Cet a quarter pound of limestone
phosphate from your pharmacist. It
is inexpensive and almost tasteless,
except a sourish twinge which is not
unpleasant. Drink phosphated hot
water every morning to rid your sys
tem of these vile poisons and toxins;
Also to prevent their formation.
,To feel like young folks feel; like
you felt before your blood, nerves and
muscles became saturated with an ac
cumulation of body poisons, begin this
treatment and above all, keep It up!
As soap and hot water act on the skin.
Cleansing, sweetening and purifying, so
limestone phosphate and botjwater be
fore breakfast, act on the stomach,
liver, kidneys and bowels.' __
her chic traveling suit of Paize Ben
galee with hat and accessories to
match. Her flowers were bride's
roses and valley lilies. Mr. and Mrs.
Fitzgerald left immediately for New
port, Atlanta. Washington and otner
eastern points ;jnd a short vis't to
Biackstone, Va., tho g-oom’s former
The bride is the second daughter of
W L. Howard and lecause of her
many admirable qualities and charm
ing personality numbers her friends
by the score, not only in her home
state, but in Alabama, where she has
taught for several years. The groom
comes from a prominent family of
Virginia and is a successful young
business man of Bessemer, Ala.,
where the couple will make their fu
Mr. and Mrs. Fitzgerald received
many unusually handsome gifts of
silver and cut glass. The groom’s
gift to the bride was a lovely string
of pearls with a diamond set platinum
The out of town guests who attend
ed the Howard-Fitzgerald wedding
were Mr. and Mrs. W. S. McClintock,
Oliver McClintock. Mr. and Mrs. Wal
ter K. Johnston of Marianna; Misses
Ruth Lanpton a^id Stelle McGraw
and Mrs. W. S. Beaty of Vineyard;
Miss Trice of Cotton Plant; Mr. and
Mrs. W. E. Hicks, Mrs. Gertrude
Gist of Lexa; Mr. and Mrs. Robert
Howard. Mr. Ernest Howard of Hel
ena; Mrs. Jas. E. Eakin of Elaine;
_1 if.'_ ra._a.l__J If_VfA<.l:n
| aiiu 1*1 looto ivui.li aim »»i a« j
of Spokane, Washington.
Mrs. A. F. Sutton and daughter,
Blanch Louise, of Little Rock, motor
ed through the country Monday to
this place and spent several days with
Mrs. C. Cime. of Memphis is in
the city visiting the family Of Dr. C.
Mr. and Mrs. R. E. Wild and chil
dren Miss Vivian. Ed and Master Ben
nie, have returned home after a
month’s visit to relatives in Morril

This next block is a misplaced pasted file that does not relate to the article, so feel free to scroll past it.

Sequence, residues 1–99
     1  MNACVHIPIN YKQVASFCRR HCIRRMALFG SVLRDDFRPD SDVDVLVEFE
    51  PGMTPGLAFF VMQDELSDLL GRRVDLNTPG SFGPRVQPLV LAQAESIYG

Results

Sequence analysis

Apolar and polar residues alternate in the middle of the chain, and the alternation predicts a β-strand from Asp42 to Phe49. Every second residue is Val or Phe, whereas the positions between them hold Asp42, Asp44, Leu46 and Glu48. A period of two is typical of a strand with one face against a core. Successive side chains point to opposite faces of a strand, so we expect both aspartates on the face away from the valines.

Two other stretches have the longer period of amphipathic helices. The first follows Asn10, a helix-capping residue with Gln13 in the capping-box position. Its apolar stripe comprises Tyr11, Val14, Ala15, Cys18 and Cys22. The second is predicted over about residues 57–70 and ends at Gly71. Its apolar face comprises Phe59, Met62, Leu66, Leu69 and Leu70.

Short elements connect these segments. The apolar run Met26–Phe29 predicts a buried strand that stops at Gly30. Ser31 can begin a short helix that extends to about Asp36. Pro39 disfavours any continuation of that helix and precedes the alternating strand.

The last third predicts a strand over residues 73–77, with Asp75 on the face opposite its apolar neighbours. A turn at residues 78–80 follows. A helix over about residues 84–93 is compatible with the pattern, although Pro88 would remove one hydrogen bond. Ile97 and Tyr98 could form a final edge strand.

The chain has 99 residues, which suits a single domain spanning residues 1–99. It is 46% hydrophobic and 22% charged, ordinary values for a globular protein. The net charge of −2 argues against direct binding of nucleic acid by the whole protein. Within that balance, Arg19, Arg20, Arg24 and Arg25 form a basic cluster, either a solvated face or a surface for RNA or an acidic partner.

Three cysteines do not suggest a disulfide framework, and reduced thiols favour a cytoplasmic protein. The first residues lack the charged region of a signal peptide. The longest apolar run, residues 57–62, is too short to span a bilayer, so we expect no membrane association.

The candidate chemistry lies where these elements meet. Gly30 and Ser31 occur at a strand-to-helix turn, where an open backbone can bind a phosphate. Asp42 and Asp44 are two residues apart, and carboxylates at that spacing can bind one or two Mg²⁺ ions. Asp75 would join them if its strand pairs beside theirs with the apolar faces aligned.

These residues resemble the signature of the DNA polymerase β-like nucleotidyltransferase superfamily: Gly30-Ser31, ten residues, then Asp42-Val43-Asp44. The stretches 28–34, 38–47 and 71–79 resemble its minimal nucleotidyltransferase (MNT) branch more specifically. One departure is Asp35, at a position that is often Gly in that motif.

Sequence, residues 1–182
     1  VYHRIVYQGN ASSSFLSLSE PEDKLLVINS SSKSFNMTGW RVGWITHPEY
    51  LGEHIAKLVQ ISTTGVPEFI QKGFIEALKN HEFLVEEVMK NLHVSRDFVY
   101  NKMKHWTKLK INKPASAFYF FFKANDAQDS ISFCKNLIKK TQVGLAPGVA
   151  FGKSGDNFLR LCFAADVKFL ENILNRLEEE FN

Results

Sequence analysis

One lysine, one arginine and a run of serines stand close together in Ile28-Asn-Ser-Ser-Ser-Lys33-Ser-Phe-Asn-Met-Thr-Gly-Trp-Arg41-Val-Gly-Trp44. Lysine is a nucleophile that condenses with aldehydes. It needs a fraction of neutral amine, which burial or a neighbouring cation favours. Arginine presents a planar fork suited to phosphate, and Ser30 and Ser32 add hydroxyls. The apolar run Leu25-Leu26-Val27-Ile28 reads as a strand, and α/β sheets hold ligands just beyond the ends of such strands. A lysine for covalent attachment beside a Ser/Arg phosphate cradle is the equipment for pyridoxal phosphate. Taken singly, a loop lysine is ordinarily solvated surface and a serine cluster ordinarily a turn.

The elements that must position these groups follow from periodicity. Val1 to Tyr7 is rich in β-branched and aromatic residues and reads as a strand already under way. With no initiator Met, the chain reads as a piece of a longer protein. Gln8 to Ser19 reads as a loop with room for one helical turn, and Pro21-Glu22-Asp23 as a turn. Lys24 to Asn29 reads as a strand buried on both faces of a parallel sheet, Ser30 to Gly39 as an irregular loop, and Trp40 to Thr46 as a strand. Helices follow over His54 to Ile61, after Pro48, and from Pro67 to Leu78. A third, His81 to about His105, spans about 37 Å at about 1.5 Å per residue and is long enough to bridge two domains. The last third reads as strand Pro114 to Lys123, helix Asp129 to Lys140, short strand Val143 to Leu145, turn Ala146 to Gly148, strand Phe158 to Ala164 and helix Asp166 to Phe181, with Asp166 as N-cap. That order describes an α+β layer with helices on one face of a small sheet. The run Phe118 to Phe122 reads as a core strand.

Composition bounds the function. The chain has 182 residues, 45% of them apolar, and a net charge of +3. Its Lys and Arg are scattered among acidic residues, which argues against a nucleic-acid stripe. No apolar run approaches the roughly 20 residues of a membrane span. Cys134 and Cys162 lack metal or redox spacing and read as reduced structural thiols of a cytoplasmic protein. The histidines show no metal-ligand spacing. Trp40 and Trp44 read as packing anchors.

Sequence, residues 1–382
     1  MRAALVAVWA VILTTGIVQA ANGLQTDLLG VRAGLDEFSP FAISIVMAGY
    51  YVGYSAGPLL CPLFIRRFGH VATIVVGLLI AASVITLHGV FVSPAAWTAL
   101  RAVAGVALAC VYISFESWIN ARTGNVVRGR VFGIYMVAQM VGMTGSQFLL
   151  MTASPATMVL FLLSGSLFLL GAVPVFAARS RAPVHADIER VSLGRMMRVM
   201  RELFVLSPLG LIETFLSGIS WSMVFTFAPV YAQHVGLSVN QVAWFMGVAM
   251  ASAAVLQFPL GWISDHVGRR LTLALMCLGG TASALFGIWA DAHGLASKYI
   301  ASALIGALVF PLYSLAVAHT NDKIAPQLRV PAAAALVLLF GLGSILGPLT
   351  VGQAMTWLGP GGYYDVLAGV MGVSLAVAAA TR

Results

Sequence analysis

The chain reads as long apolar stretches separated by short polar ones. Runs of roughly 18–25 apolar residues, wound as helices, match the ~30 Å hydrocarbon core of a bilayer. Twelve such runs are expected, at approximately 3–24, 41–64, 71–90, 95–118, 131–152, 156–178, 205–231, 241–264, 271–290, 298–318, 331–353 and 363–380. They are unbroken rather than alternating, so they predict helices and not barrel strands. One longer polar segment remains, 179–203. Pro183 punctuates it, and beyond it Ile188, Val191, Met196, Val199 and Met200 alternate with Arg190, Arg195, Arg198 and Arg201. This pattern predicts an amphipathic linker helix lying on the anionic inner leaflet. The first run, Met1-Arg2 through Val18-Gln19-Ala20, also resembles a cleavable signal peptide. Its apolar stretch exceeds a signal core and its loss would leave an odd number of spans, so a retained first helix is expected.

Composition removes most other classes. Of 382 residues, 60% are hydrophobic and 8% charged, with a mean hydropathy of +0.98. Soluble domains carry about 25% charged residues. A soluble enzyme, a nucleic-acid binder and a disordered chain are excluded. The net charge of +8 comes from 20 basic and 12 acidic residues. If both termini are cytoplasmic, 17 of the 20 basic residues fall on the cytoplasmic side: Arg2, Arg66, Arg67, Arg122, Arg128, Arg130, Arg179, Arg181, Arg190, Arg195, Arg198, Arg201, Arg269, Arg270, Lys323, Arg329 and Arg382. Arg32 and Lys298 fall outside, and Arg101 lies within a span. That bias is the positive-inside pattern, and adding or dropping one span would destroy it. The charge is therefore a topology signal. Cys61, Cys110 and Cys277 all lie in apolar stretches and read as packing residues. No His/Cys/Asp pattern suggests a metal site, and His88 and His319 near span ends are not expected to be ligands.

ton and Little Rock.
Misses Sadie and Clotile Wendland
of KHleeen, Texas, are here on an ex
tended visit with Mrs. J. C. Jacks.
Miss Irene Shaul has returned from
a delightful visit to her sister at Fort
Mr. and Mrs. J. A. Mayfield of
Amory. Miss., are here on a visit to
their daughter, Mrs. Lee Derrick.
The ladies of Rondo have organized
for the signing of the pledge cards
i sent out by the Food Administrator
j on July 28th. The ladies of Rondo
are always ready to help in every
' good cause and render any service
‘ to their government.
i Mesdames. G. H. Vineyard and T.
| T. Thompson of Helena, spent Tues
'day in Marianna attending the mis
' sionary meeting at the Baptist church
* Mrs. J. R. G. White of Forrest
IF BACK HURTS USE !
Eat less meat if Kidneys feel like lead
or Bladder bothers you—Meat
forms uric acid.
Most folks forget that the kidneys,
like the bowels, get sluggish and clogged
and need a flushing occasionally, else we
have backache and dull misery in the
kidney region, severe headaches, rheu
matic twinges, torpid liver, acia stomach,
sleeplessness and all sorts of bladder die
You simply must keep your kidneys
active and clean, and the moment you
feel an ache or pain in the kidney
region, get about four ounces of Jad
Salts from any good drug store here,
take a tablespoonful in a glass of water j
before breakfast for a few days and
your kidneys will then act fine. This
famous salts is made from the acid of
grapes and lemon juice, combined with
litbia, and is harmless to flush clogged
kidneys and stimulate them to normal
activity. It also neutralizes the acids
in the urine so it no longer irritates,
thus ending bladder disorders.
Jad Salts is harmless; inexpensive;
makes a delightful effervescent lithia
water drink which everybody should take
now and then to keep their kidneys clean,
tfcus avoiding serious complications.
A well-known local druggist says he
■ells lots of Jad 8&Hs to folks who believe
in overcoming kidney trouble while it is
City, was a visitor in Marianna Tues
Miss Margaret Deaderick who has
been the guest of Mr. and Mrs. J. B.
Daggett the past ten days, has re
turned to her home in Hot Springs.
Miss Lucile Kitchens of Paragould
has been here this week visiting Mrs.
Mrs. M. E. Newbern spent the first
of the week in Memphis, returning
home yesterday. She was accom
panied home by her son, Buster, who
had been visiting relatives in Mem
Miss Esther Goldstein and Gus
Goldstein of Yazoo City, Miss., are
here on a visit to their sister, Mrs.
Mrs. E. J. Beazley. Jr., yesterday
morning gave a swimming party at
the St. Francis river complimentary to
her sister, Miss Elizabeth Garrott of